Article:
A lift in shipping activity from Townsville and Broome propelled Australian cattle exports in July to the highest monthly total in two years, but the upward trend is set to reverse this month following Indonesia’s suspension of four export yards in northern Australia.
Australian exporters moved 68,954 cattle in July, the largest volume in a single month since August 2021 when 72,774 cattle were exported.
Exports to Indonesia increased to 35,993 head in July, the highest monthly total to the South East Asian country since December.
The number of livestock shipped from Port Darwin in 2023 has now surpassed 130,000 head, with almost 90 per cent exported to our customers in Indonesia. A further 3200 vet-checked, disease-free cattle were loaded yesterday on the Brahman Express and are now sailing to Lampung. pic.twitter.com/Md98r6IZp2
— NT Livestock Exporters (@NTLEA) August 7, 2023
However that upward trend is set to reverse when final figures for August become available, after the Indonesian Government announced on July 30 it was suspending cattle exports from four pre-export quarantine yards across northern Australia, including the only two servicing the ports of Wyndham and Townsville.
The Indonesian Government said the suspension followed testing which showed Australian cattle, which it is understood had been in Indonesia for some weeks where lumpy skin disease is prevalent, had tested positive to the disease.
While cattle in existing orders are still being moved through non-suspended yards and being shipped to Indonesia this month, trade confidence has been hard hit by the suspension, and new orders of scale are said to be unlikely to be entered into until the current issue is resolved.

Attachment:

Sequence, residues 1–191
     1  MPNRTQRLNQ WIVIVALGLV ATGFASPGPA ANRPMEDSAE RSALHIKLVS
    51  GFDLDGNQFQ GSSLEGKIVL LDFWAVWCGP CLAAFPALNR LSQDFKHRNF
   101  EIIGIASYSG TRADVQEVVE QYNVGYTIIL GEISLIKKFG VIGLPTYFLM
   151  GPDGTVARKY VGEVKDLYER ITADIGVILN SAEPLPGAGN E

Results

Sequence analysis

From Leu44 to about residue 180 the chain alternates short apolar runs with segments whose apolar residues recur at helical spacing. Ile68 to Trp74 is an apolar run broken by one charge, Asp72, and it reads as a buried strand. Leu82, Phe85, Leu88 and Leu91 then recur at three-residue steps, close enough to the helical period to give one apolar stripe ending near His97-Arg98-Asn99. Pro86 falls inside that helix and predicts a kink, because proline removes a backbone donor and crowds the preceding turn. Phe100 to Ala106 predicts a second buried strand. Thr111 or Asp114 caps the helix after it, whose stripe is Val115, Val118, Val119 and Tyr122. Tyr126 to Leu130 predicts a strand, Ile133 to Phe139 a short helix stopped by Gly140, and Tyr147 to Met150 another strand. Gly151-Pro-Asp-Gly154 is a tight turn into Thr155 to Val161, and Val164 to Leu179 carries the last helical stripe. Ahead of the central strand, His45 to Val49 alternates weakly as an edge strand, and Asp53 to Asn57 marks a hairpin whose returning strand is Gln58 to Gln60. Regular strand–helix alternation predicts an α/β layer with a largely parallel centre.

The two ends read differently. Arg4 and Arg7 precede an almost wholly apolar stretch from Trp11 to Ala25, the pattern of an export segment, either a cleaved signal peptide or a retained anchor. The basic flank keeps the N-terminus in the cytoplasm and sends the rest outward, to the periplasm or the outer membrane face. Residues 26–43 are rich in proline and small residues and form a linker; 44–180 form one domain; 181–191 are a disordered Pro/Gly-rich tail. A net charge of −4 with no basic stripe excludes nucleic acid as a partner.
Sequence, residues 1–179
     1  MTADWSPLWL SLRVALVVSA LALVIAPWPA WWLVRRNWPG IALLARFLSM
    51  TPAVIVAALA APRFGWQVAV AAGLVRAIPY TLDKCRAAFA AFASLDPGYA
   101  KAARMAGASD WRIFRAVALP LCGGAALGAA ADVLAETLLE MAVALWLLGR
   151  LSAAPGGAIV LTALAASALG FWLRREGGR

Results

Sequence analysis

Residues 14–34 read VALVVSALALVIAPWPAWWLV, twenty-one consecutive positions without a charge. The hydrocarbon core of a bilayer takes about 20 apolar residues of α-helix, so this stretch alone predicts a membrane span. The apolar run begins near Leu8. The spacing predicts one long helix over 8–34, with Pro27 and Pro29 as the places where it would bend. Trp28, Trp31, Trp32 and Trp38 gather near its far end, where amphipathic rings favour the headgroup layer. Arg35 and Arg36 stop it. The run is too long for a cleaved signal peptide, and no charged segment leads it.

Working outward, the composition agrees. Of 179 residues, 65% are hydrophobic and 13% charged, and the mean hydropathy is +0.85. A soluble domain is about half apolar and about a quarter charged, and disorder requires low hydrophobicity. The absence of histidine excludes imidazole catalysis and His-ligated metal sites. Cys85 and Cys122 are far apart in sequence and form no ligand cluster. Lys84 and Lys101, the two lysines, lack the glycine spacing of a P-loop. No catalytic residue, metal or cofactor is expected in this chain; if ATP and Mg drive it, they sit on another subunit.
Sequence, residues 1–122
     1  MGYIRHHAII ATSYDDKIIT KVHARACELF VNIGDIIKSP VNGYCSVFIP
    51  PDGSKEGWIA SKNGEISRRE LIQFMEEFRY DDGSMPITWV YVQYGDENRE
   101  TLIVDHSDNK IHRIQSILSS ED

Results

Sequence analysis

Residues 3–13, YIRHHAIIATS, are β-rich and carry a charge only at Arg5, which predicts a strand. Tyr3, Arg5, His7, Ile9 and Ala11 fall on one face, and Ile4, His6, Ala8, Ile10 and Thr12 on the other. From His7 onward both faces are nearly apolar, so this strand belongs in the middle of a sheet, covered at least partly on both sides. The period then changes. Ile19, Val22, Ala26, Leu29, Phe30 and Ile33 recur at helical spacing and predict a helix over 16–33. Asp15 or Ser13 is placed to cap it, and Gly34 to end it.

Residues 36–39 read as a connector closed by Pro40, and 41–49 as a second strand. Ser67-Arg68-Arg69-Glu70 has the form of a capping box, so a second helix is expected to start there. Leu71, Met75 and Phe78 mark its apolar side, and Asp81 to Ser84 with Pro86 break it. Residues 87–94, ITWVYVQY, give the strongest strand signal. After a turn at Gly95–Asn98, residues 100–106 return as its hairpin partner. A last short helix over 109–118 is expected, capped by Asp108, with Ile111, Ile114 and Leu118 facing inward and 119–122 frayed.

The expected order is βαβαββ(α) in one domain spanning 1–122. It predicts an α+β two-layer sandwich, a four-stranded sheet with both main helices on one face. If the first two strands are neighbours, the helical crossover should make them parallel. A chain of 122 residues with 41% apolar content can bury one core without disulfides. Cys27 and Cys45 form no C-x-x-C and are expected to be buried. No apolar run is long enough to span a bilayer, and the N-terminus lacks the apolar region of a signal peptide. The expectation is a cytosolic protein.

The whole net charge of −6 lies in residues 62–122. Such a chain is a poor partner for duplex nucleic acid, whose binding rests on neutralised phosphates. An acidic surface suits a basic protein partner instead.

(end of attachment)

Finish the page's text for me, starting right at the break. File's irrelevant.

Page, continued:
A fortnight after Australia’s Department of Agriculture began testing of cattle in the four suspended yards, there is still no official word on when the test results will be finalised and presented to the Indonesian Government.
In another concurrent development with potential implications for the future of Australia’s live cattle trade with its major customer, Brazil has announced it has now signed an official protocol to export live cattle to Indonesia.
A statement from Brazil’s Ministry of Agriculture issued last week said protocols concerning the inspection and approval for the export of Brazilian agricultural products including cattle were finalised.
Indonesia opened its market to boxed beef from Brazil in 2020, and expanded that access by approving a further 11 Brazilian beef plants to commence exports earlier this year.
Indonesian Government officials have talked openly about their desire to diversify their cattle and beef import sources in recent years, particularly as the price of Australian cattle rose to record levels, but the cost of freight remains a significant barrier to the economic viability of importing cattle to Indonesia from Brazil.
The Department of Agriculture also released a statement last week confirming that the Malaysian Government had followed Indonesia, and taken a step further, by suspending all imports of cattle from Australia pending the results of testing.
Despite that news Beef Central understands there are still shipments planned to leave Australia for Malaysia this week, suggesting that consignments already in the supply chain and approved to sail have been allowed to proceed.
In July export activity to Vietnam also increased, with 20,668 cattle shipped for the month, with most of that volume being shipped from Townsville (9820 head) and Broome (8286 head).
A total of 15,807 cattle were shipped from Townsville to Indonesia in July, but that was before the only export quarantine facility in Queensland with a current accreditation to prepare cattle for export to Indonesia – the Dalrymple yards in Charters Towers – was announced as one of the four yards suspended by Indonesia on July 30.
Other export destinations in July included China, which took 7299 cattle, and Philippines which imported 3289 cattle.